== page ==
11-08-2017, 10:53 PM
Join Date: Feb 2015
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Several comments... I have to agree... 'giving up' seems a pretty inappropriate phrase and I hope that your vet did not actually say that. We treat hundreds of vomiting puppies and adult dogs yearly that have bloody, mucousy diarrhea (or sometimes just pure red, jam-like mucus) and vomiting and ill and almost always have excellent success (not 100% though). A client may give up if they reach the limit of what they can afford, or feel their pet is suffering and not getting better, but a doctor rarely gives up without coming to some sore of agreement with the client (at least in a situation like this). Referral is the usual next step when a professional feels overwhelmed or over his/her head.
But those symptoms do not necessarily mean true "HGE" (hemorrhagic gastroenteritis). By definition, dogs with that disease have very abnormal blood work (elevated PCVs, usually over 65%) while still having normal or even low protein levels (only 1 in a 100 dogs with these symptoms will actually fit into the 'real' HGE category).. and those rare dogs are indeed extremely sick- very dehydrated, toxic, often septic, and often do not do well (though still many will eventually survive if treated aggressively... maybe 75%?).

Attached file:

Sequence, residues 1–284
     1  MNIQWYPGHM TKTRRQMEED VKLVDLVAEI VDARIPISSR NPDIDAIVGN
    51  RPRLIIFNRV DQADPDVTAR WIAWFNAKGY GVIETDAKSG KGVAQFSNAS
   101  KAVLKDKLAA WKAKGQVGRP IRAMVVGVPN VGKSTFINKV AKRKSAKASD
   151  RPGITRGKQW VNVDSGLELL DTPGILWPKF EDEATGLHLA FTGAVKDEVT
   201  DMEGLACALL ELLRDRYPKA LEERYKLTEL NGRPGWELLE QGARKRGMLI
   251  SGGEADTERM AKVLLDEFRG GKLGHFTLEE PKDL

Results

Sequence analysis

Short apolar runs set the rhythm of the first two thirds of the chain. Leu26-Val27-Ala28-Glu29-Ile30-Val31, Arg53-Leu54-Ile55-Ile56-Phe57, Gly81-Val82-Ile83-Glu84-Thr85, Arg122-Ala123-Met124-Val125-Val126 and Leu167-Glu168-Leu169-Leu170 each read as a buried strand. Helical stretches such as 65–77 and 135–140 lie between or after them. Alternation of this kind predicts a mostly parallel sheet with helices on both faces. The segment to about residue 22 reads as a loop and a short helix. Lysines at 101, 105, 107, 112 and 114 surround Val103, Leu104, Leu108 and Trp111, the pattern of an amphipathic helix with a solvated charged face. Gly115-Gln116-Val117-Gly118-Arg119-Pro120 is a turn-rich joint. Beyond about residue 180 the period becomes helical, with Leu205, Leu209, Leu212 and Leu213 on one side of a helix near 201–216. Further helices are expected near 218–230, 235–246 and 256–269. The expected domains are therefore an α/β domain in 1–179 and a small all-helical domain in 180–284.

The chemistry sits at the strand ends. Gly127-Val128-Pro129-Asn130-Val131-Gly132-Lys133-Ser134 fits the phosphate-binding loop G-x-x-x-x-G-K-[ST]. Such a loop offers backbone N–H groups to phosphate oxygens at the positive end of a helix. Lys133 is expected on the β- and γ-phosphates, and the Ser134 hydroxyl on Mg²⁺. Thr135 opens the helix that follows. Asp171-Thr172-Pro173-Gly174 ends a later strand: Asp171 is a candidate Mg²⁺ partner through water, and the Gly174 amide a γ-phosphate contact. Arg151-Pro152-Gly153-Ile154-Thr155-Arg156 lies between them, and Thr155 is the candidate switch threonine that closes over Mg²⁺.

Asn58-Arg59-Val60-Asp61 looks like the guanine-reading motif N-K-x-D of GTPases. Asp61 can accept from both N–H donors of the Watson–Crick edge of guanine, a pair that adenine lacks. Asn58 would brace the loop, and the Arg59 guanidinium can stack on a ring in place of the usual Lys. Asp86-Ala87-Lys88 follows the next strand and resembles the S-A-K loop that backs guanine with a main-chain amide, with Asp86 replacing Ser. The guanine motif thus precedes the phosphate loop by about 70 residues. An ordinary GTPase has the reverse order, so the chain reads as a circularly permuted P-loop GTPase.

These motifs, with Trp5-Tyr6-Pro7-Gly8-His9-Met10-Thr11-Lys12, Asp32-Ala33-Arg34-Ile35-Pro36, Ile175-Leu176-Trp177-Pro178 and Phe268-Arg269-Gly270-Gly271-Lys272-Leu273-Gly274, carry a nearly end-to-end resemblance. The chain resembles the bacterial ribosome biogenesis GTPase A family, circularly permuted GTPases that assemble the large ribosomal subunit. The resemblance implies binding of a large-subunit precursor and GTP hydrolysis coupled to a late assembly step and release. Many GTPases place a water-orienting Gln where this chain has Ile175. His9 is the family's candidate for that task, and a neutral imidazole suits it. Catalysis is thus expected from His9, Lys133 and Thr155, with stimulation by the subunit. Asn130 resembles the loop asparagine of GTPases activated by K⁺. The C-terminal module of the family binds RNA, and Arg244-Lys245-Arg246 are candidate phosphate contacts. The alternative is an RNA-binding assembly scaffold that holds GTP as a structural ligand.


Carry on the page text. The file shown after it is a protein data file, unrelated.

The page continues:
The term HGE is often used carelessly to describe any dog with bloody diarrhea or bleeding from the rectum/anus. Lot of different conditions can lead to those symptoms, most which are related to toxic ingestion of something ('something' being a pretty broad category of possibilities all which include things a dog does not normally eat- rotting food, plant material, stool, stagnant water, dirt, table food, changes in dog food etc.). But dogs with bleeding colon tumors, anaphylaxis, extreme hyperthermia (heat shock), parasites, inflammatory bowel disease or intestinal foreign bodies can have the same symptoms.